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BAMcinématek and Cinema Conservancy present this six week, 60+ film series spotlighting the independent films of the neglected decade between the golden age of 70s New Hollywood and the indie boom of the 90s. Exploring the textures of regional America and uncovering alternative histories to the supposed monoculture of the Reagan years, independent filmmakers of the 1980s offered up an edgy alternative to overblown Hollywood blockbusters and the straight-laced conservatism of the era.
This Hollywood satire takes aim at the industry’s depictions of African Americans.
Jim Jarmusch’s deader-than-deadpan comedy is arguably the quintessential 80s indie film.
This outrageous documentary chronicles the heavy metal scene of the late 80s.
This brilliantly inventive silent comedy is a modern day homage to Chaplin’s The Kid.
A filmmaker roams the South looking for love in this delightfully offbeat documentary.
A photographer cracks up in this edgy psychodrama.
This fascinating documentary follows two twin girls who developed their own language.
A female miner contends with workplace sexism in this rarely seen, naturalistic drama.
Blank pays tribute to the spirit and creativity of women with wide-set incisors and polka.
This subtly surreal neo-noir is part enigmatic thriller, part dark comic fantasia.
A teenager has a life-altering encounter with a disturbing stranger in this dark drama.
John Hughes meets David Lynch in this disturbing portrait of teenage alienation.
Freddy Krueger clawed his way into our collective nightmares with this horror milestone.
A married couple experience a reawakening on a summer idyll in upstate New York.
Gus Van Sant’s ravishing, dreamlike feature debut is a touchstone of New Queer Cinema.
This invaluable time capsule captures the vibrant community of 1980s South Williamsburg.
Errol Morris’ landmark documentary examines the case of a man wrongly convicted of murder.
This stirring historical saga dramatizes a 1920 coal miners’ strike in West Virginia.
This offbeat quasi-documentary is a portrait of a dying Pennsylvania steel town.
Edward James Olmos stars as an outlaw in this complex revisionist Western.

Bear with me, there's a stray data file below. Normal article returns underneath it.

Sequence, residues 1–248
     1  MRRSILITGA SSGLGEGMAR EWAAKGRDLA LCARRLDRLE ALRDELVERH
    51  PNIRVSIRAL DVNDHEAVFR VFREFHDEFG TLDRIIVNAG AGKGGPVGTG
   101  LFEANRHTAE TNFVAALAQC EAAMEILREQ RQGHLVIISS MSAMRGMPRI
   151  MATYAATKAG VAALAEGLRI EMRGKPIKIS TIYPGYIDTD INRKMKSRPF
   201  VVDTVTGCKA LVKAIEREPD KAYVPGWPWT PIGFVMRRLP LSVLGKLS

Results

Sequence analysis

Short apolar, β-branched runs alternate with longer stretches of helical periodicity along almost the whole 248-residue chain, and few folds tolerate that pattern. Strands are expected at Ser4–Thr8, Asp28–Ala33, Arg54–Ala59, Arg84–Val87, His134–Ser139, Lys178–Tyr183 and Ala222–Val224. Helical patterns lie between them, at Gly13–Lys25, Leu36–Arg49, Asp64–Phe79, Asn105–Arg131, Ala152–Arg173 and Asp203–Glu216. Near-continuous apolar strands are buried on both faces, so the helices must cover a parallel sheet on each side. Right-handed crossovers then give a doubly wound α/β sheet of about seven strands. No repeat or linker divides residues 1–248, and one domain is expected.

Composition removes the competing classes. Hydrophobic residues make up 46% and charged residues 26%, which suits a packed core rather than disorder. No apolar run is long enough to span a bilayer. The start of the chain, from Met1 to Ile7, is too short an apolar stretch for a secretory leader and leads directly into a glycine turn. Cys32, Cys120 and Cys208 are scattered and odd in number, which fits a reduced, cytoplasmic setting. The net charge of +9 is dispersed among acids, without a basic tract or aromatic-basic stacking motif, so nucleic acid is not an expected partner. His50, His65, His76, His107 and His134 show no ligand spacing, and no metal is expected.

This skin-crawlingly disturbing shocker is one of the most controversial films of the 80s.
Grindhouse auteur William Lustig serves up a crazily violent, pure-pulp thriller.
Punk icon Richard Hell stars in this grimy glimpse of New York’s punk underground.
A Harlem basketball coach struggles with heroin addiction in this gritty urban drama.
Neglected auteur Jon Jost helmed this quietly intense work of social realism.
Steve Buscemi co-stars in this witty snapshot of New York’s 1980s gay community.
This raucous anti-romance won the Grand Jury Prize at the 1989 Sundance Film Festival.
Penny Allen’s (Property) 1981 thriller about Oregon winemakers who start growing pot.
Charles Burnett wrote and shot this heartrending portrait of an African-American family.
George Romero’s provocative finale to his groundbreaking Living Dead trilogy.
This vérité 1983 documentary is a sobering depiction of a group of high school seniors.
The Coen brothers’ stylish Texas-set pulp thriller starring Frances McDormand and Dan Hedaya.
Kyle MacLachlan, Isabella Rossellini, and Dennis Hopper star in David Lynch’s masterpiece.
Spalding Gray weaves a spellbinding tale in this one-man show directed by Jonathan Demme.
Bruce Weber’s Oscar-nominated documentary of jazz trumpeter Chet Baker.
Tenant faces off against landlord in this ultra-rare throwback to the 1980s East Village.
Noir meets No Wave in this paranoid thriller starring cult icon Lydia Lunch.
A heartrending, humanistic look at the immigrant experience.
Photographer Danny Lyon helmed this startlingly candid portrait of a New Mexico convict.
This taut ecological thriller is a lost gem of regional independent filmmaking.
Charles Burnett’s long-unseen follow-up to Killer of Sheep was this poignant neorealist drama.
Steven Soderbergh’s breakout hit paved the way for the indie boom of the 1990s.
This cult classic mockumentary chronicles the implosion of “one of England's loudest bands.”
Hal Hartley’s deadpan debut feature about an apocalypse-obsessed Long Island teen.
A mute rape victim wages war on Manhattan’s male population in Abel Ferrara’s classic.
Animation visionary Faith Hubley explores the history of mankind.
Expat leftist filmmaker Robert Kramer’s epic road trip mosaic of 1980s America.
Wayne Wang’s arthouse sleeper hit study of Chinese-American identity.
Su Friedrich’s experimental meditation on memory, history, and the mother-daughter bond.
Ethiopian-American filmmaker Haile Gerima examines the black Vietnam vet experience.
Sleaze-punk auteur Jon Moritsugu serves up a no-budget blast of rock ‘n roll and raw meat.
This riveting Oscar-nominated doc deconstructs the murder of a Chinese-American engineer.
Bruce Campbell stars in Sam Raimi’s legendary low-budget occult splatterfest.
This seminal hip-hop film captures the scene’s music and street art during its inception.
Michael Moore’s first film is a satirical and impassioned look at the decline of Flint.
Wallace Shawn and Andre Gregory go head to head in Louis Malle’s cinematic experiment.
Spike Lee’s watershed 1986 debut feature addressing black female sexuality.
Two films by African-American film pioneer St. Claire Bourne.
Director Bill Gunn and writer Ishmael Reed teamed up for this satirical soap opera.
This uplifting documentary is a joyous look at American gospel music.
This razor-sharp buddy comedy delivers a swift takedown of macho posturing.
Sara Driver’s trancelike puzzle film is a surrealist’s delight.
Punk filmmaker Amos Poe directs this neon-lit, expressionistic gangster saga.
This Sundance Grand Jury Prize winner chronicles the exploits of con man Douglas Street.